Amazon UK offering three free months of “Amazon Music Unlimited”

As noted in the UK newspaper Express today (here), “In the run-up to Black Friday, Amazon has launched two free bonuses for anyone interested in trying one of the alternatives to Spotify and Apple Music. For a limited time only Amazon is offering three months access to its flagship Music Unlimited service entirely for free.

“This platform — which lets you access a humongous library of 100 million songs — is usually priced at £9.99 a month, meaning the freebie available will save you almost £30.”

This appears to be a pretty aggressive move to attract users from on-demand music subscription services like Spotify and Apple Music (or to convert music subscription service non-subscribers into subscribers).

“If that wasn’t enough,” the article continues, “Amazon has also expanded its Amazon Music app, which is available as part of a Prime membership. Previously, this Prime perk only let users access a library of two million songs. Now, it will let Prime members access all of the 100 million songs available with Music Unlimited — but only in shuffle mode.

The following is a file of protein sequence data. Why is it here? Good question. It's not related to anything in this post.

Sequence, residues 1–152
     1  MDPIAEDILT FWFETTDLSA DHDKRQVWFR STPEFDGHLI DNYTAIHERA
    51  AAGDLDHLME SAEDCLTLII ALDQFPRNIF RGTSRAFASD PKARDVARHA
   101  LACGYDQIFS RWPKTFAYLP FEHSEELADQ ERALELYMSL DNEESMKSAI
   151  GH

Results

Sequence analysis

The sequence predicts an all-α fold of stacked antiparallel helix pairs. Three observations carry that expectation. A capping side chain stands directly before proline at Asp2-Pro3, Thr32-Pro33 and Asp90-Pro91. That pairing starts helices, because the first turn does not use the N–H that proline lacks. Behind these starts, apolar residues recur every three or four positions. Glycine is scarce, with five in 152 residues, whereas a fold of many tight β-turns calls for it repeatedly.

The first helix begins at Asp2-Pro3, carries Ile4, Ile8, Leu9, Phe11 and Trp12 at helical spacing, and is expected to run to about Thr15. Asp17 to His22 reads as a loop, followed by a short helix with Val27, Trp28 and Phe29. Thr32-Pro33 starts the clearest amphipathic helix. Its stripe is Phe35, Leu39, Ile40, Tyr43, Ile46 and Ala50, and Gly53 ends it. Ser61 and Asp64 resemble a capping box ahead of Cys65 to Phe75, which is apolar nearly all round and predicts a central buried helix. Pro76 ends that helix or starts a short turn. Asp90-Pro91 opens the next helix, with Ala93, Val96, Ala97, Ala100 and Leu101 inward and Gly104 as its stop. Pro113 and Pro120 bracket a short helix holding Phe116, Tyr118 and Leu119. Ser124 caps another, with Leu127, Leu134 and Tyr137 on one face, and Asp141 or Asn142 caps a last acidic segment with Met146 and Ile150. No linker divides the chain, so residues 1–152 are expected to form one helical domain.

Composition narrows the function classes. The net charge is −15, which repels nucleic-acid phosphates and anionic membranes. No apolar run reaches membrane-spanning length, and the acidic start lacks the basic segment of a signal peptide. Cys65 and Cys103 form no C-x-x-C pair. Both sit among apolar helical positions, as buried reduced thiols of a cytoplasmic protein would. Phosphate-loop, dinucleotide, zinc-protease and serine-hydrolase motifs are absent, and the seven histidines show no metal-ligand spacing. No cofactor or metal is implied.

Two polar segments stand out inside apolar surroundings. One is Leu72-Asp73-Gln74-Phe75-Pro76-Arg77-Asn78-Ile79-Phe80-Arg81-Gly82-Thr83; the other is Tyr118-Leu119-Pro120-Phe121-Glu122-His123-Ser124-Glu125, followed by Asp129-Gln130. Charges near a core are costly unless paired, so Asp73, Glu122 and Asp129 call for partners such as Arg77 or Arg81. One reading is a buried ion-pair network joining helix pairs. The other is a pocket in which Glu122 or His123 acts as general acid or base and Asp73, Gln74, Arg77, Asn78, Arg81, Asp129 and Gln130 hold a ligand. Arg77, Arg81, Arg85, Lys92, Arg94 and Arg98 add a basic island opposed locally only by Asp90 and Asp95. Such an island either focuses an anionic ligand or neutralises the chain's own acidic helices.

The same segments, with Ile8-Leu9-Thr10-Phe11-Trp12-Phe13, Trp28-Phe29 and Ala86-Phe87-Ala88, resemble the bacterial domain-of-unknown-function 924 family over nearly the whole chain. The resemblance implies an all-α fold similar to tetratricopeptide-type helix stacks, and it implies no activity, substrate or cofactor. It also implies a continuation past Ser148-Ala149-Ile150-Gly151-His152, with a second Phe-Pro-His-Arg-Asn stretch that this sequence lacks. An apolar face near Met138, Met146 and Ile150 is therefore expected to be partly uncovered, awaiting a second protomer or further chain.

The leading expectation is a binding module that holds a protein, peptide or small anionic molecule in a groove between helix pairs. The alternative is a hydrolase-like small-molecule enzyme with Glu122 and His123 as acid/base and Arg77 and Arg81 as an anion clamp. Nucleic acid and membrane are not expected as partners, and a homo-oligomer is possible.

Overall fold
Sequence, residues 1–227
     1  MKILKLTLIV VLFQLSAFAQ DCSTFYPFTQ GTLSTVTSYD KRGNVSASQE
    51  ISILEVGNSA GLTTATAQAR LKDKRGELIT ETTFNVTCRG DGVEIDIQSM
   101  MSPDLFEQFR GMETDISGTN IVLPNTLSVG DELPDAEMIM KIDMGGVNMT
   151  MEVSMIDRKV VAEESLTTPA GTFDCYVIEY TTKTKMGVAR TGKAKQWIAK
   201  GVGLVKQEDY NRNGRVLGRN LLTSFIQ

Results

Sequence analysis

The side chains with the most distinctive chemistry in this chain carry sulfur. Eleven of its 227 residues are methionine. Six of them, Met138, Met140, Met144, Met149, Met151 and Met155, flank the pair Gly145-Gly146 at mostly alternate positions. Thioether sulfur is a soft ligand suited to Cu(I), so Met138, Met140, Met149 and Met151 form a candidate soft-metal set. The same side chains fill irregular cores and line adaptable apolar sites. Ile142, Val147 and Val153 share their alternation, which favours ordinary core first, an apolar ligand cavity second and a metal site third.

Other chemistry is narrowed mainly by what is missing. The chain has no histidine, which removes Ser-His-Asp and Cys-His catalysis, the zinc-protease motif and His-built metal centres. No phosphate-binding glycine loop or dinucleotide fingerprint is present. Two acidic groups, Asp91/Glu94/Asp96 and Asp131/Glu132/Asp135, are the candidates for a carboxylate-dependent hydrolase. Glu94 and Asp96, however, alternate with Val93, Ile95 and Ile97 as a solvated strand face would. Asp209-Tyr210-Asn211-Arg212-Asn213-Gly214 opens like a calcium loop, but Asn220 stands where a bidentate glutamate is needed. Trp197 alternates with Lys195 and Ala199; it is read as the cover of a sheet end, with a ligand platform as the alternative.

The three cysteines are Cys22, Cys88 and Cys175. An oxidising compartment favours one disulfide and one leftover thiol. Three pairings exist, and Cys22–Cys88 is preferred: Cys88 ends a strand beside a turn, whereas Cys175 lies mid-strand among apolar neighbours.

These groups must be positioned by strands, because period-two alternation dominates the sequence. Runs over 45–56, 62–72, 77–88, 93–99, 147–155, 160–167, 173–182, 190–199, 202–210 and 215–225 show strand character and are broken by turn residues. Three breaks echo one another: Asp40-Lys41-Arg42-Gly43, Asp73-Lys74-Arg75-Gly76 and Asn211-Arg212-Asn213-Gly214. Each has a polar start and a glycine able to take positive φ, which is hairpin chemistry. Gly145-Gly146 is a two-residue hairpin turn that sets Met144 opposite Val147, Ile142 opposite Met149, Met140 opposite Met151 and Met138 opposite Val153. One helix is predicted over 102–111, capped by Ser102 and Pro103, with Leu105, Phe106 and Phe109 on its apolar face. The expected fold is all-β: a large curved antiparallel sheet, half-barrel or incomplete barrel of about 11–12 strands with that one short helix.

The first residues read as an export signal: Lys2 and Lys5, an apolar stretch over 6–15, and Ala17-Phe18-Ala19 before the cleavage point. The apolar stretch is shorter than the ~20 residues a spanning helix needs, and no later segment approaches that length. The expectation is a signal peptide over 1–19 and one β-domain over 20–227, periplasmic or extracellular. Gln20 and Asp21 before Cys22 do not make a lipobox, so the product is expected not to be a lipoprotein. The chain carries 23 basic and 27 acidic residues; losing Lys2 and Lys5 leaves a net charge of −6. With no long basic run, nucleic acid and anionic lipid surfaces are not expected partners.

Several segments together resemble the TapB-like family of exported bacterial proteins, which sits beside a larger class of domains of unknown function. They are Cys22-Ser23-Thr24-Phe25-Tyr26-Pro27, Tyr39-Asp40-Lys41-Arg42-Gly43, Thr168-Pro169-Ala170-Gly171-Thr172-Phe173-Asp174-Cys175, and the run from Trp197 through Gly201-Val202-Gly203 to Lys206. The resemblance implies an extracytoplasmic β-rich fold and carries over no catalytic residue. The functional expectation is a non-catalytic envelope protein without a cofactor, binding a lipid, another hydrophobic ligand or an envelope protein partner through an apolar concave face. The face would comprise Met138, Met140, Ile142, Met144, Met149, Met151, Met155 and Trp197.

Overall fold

“Speaking about this great new update Steve Boom, the VP of Amazon Music, said: ‘When Amazon Music first launched for Prime members, we offered an ad-free catalogue of two million songs, which was completely unique for music streaming at the time.We continue to innovate on behalf of our customers, and to bring even more entertainment to Prime members.'”

The article notes that Amazon Music Unlimited is a direct rival to Apple Music and Spotify and has a “big advantage” over the latter in that the entire Amazon Music Unlimited library is available in lossless (aka CD quality) streaming.

RAIN Analysis: This offer may also, in part, be a reaction to consumer dissatisfaction over the aforementioned change in the basic “Amazon Music” service (as opposed to “Amazon Music Unlimited”) — which is offered free to Prime members — in which the number of available tracks was increased by a factor of 50, but the ability to play individual tracks on demand was taken away.   (See examples of dissatisfaction in Entrepreneur Magazine article here and on Business Insider here.)

(The latter article also says that, according to Earthweb, Spotify has 433 million global users, Apple Music has 88 million, and Amazon Music, by comparison, has 68 million.)

Kurt Hanson